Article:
The automotive sector is currently experiencing a digital revolution. To service customers and ultimately make money, stakeholders in this industry need to accept that the question of embracing digital has changed from ‘if?’ to ‘when?’.
Test drives are one of the most tangible services provided when buying a car. Usually, a customer will request a test drive from a dealer as part of the research process of buying a new car. The test drive service has ensured that for decades, dealers have been able to get potential customers into dealerships – which is great.
However, customer behaviour is changing, and dealers who do not see the traditional service of test drives being impacted by digital may be in for a rude awakening. Below are a few points to consider when thinking about how digital is impacting test drives, traditionally a mainstay of the car dealership.
1. The customer is more informed than ever
Many customers today spend hours researching in preparation for a trip to a dealership, purely in the hope of not being blindsided by a salesperson or pressured into buying something they don’t really want. Using YouTube and other digital publications to understand their specific needs and questions, a customer can now be more informed than the dealer themselves on the car they are looking to buy.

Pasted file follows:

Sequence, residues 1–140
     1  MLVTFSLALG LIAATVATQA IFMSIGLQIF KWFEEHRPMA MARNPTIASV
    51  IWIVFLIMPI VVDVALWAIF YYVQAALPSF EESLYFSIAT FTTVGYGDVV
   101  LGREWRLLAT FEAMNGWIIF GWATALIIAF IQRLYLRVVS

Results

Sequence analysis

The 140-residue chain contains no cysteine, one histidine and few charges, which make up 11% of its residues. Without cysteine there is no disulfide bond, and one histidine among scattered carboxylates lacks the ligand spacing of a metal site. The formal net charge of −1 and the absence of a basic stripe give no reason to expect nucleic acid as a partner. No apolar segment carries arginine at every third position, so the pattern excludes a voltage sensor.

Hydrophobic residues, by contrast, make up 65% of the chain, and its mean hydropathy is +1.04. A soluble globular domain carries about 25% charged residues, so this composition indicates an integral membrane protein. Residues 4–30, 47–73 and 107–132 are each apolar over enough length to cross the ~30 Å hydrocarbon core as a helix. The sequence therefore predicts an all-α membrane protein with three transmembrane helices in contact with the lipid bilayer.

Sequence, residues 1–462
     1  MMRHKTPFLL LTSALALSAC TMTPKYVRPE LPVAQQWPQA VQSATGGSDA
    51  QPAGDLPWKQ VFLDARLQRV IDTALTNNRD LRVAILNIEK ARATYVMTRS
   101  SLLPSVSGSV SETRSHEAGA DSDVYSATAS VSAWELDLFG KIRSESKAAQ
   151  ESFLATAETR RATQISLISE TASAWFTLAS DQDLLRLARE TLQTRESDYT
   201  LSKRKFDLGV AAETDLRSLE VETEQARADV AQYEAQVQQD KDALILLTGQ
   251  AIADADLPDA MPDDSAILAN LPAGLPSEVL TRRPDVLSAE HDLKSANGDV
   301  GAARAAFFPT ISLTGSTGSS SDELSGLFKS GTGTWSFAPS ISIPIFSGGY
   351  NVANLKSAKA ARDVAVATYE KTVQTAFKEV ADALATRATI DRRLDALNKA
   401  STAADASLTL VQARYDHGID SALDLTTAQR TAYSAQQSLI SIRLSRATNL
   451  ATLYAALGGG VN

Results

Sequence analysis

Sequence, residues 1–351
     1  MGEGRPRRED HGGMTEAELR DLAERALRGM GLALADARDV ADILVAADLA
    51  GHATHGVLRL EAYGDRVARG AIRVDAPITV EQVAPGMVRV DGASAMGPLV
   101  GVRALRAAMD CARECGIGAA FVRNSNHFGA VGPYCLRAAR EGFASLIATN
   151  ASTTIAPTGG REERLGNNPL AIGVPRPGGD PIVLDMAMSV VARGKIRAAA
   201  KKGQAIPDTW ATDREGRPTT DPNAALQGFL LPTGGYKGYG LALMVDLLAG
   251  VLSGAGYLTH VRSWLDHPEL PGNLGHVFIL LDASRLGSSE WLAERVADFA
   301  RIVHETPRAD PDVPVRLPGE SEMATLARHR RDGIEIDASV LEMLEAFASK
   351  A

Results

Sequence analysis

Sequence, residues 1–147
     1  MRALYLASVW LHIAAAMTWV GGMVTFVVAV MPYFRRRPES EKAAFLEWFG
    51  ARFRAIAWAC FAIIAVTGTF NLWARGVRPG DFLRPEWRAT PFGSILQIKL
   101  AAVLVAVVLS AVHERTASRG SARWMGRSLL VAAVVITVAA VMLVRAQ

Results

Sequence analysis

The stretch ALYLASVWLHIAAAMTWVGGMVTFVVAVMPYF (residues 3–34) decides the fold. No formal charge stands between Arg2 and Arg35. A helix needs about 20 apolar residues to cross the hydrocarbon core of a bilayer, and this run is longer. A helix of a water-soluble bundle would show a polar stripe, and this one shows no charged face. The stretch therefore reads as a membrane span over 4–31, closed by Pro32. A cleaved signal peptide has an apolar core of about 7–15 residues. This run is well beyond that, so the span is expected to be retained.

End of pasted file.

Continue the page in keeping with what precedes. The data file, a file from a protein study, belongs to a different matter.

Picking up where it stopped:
Due to the breadth and quality of content now available online and the ever-increasing specifications of cars from Original Equipment Manufacturers (OEMs), more and more potential customers do not feel the need to test drive a car at all.
Therefore, if the test drive is not part of a customer’s journey, they will not naturally find themselves in a highly engineered sales process. Instead, they will need alternate routes to transact, and a simple online journey might be the chosen route.
2. The OEM B2C model
OEMs who are building a B2C capability will have to deliver test drives as part of the car buying process. However, they do not have the luxury of a physical location like dealerships do to develop this service.
Alternative methods such as: delivering cars to customers’ homes to test drive, adding a smooth return process, for example trying before you buy, may become the norm as the influence of digital accelerates the transformation of the car buying process.
3. Accurate measurement is becoming essential, not a luxury
For multi-location car dealerships, potential and existing customers come across many touchpoints. As well as physical locations, customers can interact with dealers via their website or over the phone when speaking to call centre advisors.
The requirement to join up and measure the customer journey online, in alternate store formats and through call centre interactions, will become more of a hygiene delivery factor than innovative thinking.
The importance of test drive measurement across all touch points will become an essential factor in reporting on marketing and sales success, rather than a luxury reserved for leading automotive dealers.
Join Summit on Thursday 26th April 2018 at our Automotive Leaders Event. We’ll be joined by industry thought leaders as we look to analyse the traditional test drive, industry challenges, what the future holds, and the role digital technology will play moving forward.
Whether you’re an OEM, a dealership, or an automotive eCommerce specialist, book your seat here.